At some level I'm the same me - 50 years old, politically incorrect, too smart for my own good, curious about everything and always questioning "accepted" truth and reality, blunt and excessively honest, etc. But on other levels I think it's the 'real me' that gets to come out and play here on ATS and a couple of other sites I hang out on. Here I don't have to hide my bizarre theories, lack of religious affiliation, political incorrectness, etc., and I don't have to constantly compensate for my less-than-attractive personal appearance.

Am I 'fake' in person? I suppose so, to some extent. I keep what's unacceptable or risky under wraps with very few exceptions, and I toss out a lot of social white lies (I'm fine, how are you today, that's great I'm happy for you, oh that's interesting, thanks for the recipe I'll have to try it, blah blah blah). I feel that it's what I have to do to survive in the place I find myself, and I guess I don't really believe it's my fault that society is such that trotting out the REAL ME could threaten my survival.

So, like it or not, you get the full impact of the REAL ME here, less my physical appearance, and the 'real world' gets the watered-down version that is acceptable to the society I have to live in.



posted on Jul, 20 2008 @ 03:52 PM
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reply to post by Heike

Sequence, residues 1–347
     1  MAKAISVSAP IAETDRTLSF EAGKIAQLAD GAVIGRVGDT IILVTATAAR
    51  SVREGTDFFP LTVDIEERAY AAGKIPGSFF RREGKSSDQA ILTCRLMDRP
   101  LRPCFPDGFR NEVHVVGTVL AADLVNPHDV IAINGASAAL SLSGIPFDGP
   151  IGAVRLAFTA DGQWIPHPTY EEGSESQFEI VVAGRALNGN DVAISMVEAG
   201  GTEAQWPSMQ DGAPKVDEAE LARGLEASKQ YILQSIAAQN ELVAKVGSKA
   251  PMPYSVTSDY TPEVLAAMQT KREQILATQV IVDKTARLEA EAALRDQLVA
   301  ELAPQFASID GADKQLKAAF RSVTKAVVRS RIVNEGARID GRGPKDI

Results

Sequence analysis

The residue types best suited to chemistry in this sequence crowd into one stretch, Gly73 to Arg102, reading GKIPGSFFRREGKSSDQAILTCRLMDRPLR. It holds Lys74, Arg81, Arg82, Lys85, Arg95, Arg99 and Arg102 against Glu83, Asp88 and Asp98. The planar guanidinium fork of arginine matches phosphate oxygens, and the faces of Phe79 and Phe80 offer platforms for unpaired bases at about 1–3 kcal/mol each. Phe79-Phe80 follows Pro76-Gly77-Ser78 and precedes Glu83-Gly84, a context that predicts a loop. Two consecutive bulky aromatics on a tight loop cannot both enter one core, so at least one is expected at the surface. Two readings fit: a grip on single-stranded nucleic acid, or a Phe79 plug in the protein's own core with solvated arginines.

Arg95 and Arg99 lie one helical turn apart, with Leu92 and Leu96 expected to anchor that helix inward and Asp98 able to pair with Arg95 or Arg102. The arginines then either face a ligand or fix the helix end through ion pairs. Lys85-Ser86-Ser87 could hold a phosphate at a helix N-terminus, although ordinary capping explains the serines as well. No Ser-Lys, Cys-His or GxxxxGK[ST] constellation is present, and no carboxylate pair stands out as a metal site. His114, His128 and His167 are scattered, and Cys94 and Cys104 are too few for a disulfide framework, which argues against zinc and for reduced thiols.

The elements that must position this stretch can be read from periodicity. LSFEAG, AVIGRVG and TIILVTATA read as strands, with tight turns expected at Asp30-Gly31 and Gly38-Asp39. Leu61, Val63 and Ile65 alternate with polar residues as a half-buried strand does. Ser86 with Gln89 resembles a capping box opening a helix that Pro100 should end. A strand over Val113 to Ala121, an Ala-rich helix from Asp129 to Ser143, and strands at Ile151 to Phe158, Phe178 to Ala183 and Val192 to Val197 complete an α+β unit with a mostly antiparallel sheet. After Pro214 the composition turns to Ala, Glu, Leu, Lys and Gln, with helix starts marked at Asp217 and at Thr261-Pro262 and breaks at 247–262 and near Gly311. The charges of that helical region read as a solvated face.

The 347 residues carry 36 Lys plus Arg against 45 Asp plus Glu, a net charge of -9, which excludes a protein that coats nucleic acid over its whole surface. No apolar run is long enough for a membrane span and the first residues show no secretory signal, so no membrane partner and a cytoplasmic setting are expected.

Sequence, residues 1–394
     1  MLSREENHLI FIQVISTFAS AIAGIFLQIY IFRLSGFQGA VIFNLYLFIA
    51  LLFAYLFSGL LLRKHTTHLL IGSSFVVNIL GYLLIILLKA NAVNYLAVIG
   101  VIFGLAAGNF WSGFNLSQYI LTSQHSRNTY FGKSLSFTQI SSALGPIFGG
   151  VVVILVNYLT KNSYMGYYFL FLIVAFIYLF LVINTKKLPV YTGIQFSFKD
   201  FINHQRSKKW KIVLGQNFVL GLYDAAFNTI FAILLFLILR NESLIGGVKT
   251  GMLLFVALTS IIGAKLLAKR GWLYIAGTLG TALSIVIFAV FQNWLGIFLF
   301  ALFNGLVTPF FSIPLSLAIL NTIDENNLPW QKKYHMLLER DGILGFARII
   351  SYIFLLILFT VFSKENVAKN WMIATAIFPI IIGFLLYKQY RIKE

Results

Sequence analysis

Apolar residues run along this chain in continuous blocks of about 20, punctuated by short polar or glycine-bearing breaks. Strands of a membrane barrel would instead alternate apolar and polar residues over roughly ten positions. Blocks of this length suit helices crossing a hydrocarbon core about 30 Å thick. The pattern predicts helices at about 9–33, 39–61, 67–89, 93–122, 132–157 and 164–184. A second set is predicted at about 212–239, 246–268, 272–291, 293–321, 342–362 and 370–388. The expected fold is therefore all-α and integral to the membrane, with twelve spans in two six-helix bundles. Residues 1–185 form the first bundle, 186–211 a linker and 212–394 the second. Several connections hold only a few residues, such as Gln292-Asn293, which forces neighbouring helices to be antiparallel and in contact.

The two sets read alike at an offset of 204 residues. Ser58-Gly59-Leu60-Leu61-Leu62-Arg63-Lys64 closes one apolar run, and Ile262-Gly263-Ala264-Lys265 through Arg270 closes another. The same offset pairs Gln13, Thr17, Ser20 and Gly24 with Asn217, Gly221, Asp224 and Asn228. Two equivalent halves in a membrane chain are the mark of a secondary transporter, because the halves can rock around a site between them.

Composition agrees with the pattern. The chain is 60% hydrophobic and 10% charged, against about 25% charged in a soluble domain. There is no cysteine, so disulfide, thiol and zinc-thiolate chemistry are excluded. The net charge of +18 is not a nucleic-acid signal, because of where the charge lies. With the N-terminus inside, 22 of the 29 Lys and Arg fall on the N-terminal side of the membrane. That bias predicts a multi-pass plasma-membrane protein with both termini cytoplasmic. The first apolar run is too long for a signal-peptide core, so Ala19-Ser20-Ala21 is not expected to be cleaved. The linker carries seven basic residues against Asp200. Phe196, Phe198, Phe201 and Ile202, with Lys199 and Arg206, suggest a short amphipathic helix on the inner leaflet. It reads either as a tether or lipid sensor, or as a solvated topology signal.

I think you are AWESOME!

I have the deepest respect for you, I am profoundly impressed by your sincerity and candor.

I can't help but be struck by what you say, HERE you are the REAL you, and in your real life you are "fake".

Perhaps as I said in another post earlier in this thread, for you and others this particular online environment is actually liberating, enabling the true self to come forward.

Thank you very much for sharing your story here!



posted on Jul, 20 2008 @ 05:06 PM
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Originally posted by Heike
So, like it or not, you get the full impact of the REAL ME here, less my physical appearance, and the 'real world' gets the watered-down version that is acceptable to the society I have to live in.


Heike, you are the cat's meow! And, I mean that with absolute affection.
I think a lot more of us have a tendancy to be more like you than we think.